Ireland is not unique in its present day energy consumption practices. In most parts of the world the generation of electrical power, home and business heating/cooling all depend to some degree on government entities or utilities. These paradigms of energy generation came into existence more than a century ago when centralized power generation developed because of electricity’s potential to transform daily living. The Ministry’s white paper envisions an Ireland in which everyone not only knows how much energy their home or business utilizes, but works to actively conserve energy while embracing new technologies enabling independence.

A renewable foundation

Ireland is already committed to renewable energy. At the time its white paper was published, the government noted that Ireland obtained nearly 23 percent of its energy from renewable resources, with most of that coming through wind energy.

Solar (either thermal or photovoltaic [PV] power) is currently playing a minority role in the Irish energy economy. Solar is outpaced by contributions from inland wind electricity generation, hydroelectric and geothermal power. But as the government white paper concludes, the dramatic cost reduction in PV power over the last 10 years has translated into cost parity or near parity with fossil fuel generation. In looking at levelized cost of electricity (LCOE) comparisons, PV power is already cost-effective in many locations. In Germany, for example, solar energy (most of it PV,) accounts for anywhere between 20 percent and 50 percent of the country’s electricity needs, depending on the time of year and other variables. The upside potential for solar in Ireland is very great.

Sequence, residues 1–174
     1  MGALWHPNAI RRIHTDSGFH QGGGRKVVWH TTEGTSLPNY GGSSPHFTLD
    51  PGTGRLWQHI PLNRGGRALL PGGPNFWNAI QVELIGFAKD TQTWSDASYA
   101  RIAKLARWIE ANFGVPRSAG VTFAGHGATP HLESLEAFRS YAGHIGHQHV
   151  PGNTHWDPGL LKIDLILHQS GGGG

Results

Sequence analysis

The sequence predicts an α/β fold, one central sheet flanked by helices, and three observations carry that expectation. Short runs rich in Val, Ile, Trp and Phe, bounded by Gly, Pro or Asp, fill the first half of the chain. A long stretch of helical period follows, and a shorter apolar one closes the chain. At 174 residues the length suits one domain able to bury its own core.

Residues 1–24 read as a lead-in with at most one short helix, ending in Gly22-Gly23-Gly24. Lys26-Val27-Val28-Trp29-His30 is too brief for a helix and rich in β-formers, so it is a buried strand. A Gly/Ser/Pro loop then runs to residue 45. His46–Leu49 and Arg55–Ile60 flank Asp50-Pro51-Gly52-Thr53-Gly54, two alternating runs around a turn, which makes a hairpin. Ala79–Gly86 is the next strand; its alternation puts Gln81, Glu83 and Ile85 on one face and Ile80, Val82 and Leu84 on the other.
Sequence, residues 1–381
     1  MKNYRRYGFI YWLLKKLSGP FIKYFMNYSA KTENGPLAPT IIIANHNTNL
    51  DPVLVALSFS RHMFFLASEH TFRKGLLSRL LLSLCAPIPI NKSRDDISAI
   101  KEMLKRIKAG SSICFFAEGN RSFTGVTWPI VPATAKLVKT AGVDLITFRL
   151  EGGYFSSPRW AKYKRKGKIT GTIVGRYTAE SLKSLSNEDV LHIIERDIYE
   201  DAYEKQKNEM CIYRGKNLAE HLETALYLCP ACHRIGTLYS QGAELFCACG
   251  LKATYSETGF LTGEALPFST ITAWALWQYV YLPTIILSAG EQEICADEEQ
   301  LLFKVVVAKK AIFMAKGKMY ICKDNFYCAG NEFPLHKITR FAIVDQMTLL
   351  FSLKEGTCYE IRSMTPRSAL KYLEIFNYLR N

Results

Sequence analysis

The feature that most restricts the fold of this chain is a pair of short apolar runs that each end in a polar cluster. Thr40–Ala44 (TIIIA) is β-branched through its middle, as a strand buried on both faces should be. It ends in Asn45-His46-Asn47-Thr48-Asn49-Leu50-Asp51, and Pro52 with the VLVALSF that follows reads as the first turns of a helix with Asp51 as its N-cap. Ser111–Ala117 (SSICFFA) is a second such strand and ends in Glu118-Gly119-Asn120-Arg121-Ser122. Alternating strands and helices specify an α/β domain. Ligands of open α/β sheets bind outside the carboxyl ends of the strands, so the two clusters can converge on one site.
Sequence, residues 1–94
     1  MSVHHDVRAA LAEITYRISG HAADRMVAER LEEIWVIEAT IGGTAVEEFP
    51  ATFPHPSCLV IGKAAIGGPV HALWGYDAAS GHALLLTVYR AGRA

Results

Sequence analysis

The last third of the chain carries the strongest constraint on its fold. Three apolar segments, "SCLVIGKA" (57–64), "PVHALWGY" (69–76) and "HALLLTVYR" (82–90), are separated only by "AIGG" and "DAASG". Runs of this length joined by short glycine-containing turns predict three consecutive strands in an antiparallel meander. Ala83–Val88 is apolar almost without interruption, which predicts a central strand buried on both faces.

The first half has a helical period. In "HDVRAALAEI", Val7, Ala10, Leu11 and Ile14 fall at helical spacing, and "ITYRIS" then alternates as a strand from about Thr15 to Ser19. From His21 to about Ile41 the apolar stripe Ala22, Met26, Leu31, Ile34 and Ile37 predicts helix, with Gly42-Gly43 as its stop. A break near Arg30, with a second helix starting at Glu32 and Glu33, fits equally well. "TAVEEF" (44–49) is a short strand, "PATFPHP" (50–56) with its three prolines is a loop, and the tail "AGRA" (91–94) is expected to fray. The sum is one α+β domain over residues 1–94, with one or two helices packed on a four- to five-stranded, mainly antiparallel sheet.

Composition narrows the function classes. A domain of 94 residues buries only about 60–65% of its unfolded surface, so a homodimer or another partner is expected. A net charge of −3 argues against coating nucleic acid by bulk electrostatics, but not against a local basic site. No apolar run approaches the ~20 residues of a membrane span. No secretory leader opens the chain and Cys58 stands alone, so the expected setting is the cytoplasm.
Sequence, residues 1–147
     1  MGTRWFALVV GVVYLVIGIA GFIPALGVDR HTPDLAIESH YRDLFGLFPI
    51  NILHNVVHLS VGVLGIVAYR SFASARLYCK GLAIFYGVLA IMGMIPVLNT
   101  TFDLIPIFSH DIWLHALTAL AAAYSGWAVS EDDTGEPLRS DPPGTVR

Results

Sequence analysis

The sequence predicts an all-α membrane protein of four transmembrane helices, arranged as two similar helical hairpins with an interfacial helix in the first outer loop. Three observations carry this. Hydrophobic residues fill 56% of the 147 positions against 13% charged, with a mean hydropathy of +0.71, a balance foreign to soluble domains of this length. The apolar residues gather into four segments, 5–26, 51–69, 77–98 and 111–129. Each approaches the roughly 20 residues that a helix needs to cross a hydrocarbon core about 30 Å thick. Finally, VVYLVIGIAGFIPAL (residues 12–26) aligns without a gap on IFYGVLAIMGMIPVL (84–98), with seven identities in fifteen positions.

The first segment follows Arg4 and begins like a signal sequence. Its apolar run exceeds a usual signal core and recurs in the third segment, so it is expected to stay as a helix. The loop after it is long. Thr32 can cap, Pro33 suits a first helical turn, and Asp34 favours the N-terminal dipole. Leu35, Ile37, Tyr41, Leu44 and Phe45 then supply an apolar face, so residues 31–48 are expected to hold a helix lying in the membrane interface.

Summary

Ireland’s transition to a renewable energy future has been charted by its Energy Ministry within a framework of global concerns for reducing GHGs and thereby reducing the threat of global warming. But beyond esoteric concerns for collective world welfare, the plan also charts a course that shows energy independence has real benefits beyond those highlighted in the recent Paris Climate Accord.

Taking charge of a nation’s energy future empowers everyone from citizens to industry to international business with confidence that local energy supplies are securely held within Ireland’s borders. Modernization of the electricity grid, cooperation with Ireland’s neighbors and the international community provides a basis for future business and economic growth that benefits everyone. By taking charge now, Ireland can say with confidence that it is creating its own future with independence from foreign interests. Although its plan is ambitious, Ireland is demonstrating real commitment; this should help every citizen see his or her role in a low carbon energy future as something they can take charge of starting today.